crimesider

Book 'Em: Blood Secrets

(CBS)
NEW YORK (CBS) Blood patterns at a crime scene have become a familiar, even indispensable element of criminal investigation. It wasn't always so.

When Rod Englert began his career in law enforcement in the 1960s, virtually no police force in the world knew how to correctly interpret blood spatter. Englert spent years studying and testing how blood behaves--often using cow blood at his farm--pioneering a vital new tool that is now a part of most any criminal investigation.

BLOOD SECRETS reveals how blood spatter analysis is used to determine the type of weapon, how the weapon was used, the location of victim and attacker, and even the identity of the killer. Englert shares what he's learned in cases varying from obscure but puzzling murders in remote towns, to the highest-profile celebrity trials--including O.J. Simpson, Robert Blake, and others. Ann Rule writes in her introduction to the book: "Englert offers remarkable insights into what the dead can tell us, even after they can no longer speak."

Part autobiography and part casebook, BLOOD SECRETS takes readers from the formative life-shaping events of Englert's childhood in small-town

Texas, through his often harrowing years as an undercover narcotics officer and a homicide detective, and then into the nitty-gritty, and spellbinding world, of blood spatter analysis.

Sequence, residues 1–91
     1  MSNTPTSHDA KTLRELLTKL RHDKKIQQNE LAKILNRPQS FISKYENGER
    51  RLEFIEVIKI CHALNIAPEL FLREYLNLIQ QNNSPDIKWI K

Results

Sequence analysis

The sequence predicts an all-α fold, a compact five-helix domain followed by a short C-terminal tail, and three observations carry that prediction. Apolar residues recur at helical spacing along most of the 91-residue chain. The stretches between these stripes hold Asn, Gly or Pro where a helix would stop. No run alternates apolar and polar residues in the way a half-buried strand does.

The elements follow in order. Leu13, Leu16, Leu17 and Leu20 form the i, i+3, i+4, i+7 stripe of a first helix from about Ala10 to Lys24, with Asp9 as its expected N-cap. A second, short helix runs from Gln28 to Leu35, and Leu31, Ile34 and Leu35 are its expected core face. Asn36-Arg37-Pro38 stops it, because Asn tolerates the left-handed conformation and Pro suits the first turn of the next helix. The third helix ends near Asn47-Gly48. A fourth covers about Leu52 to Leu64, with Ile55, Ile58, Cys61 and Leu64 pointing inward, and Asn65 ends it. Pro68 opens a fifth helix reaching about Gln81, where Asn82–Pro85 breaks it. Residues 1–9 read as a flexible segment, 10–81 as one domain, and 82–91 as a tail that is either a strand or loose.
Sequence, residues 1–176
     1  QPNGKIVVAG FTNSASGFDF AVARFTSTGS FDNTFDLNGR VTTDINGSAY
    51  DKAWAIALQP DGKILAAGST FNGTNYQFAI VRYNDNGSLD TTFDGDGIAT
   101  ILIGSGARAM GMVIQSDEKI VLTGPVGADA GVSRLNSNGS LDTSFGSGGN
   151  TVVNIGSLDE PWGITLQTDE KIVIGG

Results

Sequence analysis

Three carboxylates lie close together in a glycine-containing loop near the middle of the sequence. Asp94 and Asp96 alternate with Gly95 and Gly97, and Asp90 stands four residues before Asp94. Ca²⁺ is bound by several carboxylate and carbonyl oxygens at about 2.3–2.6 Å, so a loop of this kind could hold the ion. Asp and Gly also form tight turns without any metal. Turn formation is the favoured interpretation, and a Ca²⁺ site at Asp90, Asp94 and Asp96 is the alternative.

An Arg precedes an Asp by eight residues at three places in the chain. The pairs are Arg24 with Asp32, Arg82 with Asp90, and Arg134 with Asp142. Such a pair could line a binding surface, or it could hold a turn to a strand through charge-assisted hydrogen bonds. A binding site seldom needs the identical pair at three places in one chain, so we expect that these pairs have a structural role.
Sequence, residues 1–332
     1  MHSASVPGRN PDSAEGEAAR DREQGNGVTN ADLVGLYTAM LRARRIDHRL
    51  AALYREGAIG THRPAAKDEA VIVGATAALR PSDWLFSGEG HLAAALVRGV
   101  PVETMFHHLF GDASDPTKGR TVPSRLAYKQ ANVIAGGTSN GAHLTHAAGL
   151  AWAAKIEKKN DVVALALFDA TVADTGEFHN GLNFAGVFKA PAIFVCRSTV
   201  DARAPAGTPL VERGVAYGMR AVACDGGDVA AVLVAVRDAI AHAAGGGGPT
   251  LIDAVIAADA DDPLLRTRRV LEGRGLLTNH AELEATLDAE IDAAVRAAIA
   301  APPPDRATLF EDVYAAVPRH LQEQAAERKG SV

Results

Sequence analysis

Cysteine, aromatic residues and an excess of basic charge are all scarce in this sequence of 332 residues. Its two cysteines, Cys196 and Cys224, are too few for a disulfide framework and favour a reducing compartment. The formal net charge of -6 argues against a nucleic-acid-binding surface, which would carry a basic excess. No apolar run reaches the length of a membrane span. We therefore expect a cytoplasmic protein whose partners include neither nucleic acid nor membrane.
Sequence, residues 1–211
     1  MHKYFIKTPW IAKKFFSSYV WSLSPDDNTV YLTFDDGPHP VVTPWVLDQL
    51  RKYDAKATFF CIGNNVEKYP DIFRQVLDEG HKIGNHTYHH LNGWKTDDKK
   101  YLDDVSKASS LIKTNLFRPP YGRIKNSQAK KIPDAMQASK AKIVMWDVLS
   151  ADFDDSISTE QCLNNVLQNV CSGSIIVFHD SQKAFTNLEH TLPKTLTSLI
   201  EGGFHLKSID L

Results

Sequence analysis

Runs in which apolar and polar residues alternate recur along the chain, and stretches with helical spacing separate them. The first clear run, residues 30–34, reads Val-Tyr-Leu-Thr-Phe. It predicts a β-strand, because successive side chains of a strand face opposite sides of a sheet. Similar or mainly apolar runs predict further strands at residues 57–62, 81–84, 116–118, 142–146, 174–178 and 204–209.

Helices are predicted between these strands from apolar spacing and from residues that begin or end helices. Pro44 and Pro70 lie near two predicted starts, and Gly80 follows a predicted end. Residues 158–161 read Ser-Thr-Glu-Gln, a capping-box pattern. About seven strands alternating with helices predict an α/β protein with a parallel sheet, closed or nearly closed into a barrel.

Interview with Rod Englert by Barry Leibowitz, Senior Writer at 48 Hours | Mystery

What got you into the field of forensic blood spatter analysis?

Englert: When I was a young police officer in California in the early 1960s, I didn't understand the blood I saw at crime scenes. One night I walked into a room where a man had bled to death from ruptured ulcers, and I made the mistake of calling the case an axe murder because of the blood he vomited everywhere before he died. My colleagues had a good laugh over that one. It was so embarrassing that I swore to myself, "I'm going to learn everything I can about blood patterns." But it took years for me to develop a solid understanding of the basic blood patterns you see at crime scenes. It doesn't come easily. You have to look at a lot of dead bodies.

Does your expertise typically make you a "prosecution guy"?

Englert: Not at all. Bloodpattern analysis doesn't favor any side. No matter who I work for, my analysis of the blood patterns at a crime scene will be the same. Whenever anyone asks me to consult on a case, I explain ahead of time that the blood evidence might work in their favor and it might work against them. There's no way to know until you examine it. I read the blood patterns; I don't take sides.

What's the toughest case you ever had?

Englert: The toughest was probably the case of an elderly Portland woman who was murdered 25 years ago and whose body was repositioned to mislead us. I understand the blood patterns from the crime scene, but solving the case has been very challenging. It's like a ghost: You think you've got it, but then it slips away. I've worked on that case for decades. I'm still working on it now as part of a cold case team. I think we're finally getting close to solving it.

As an experienced expert witness, is there anything you would change about the way expert testimony is handled?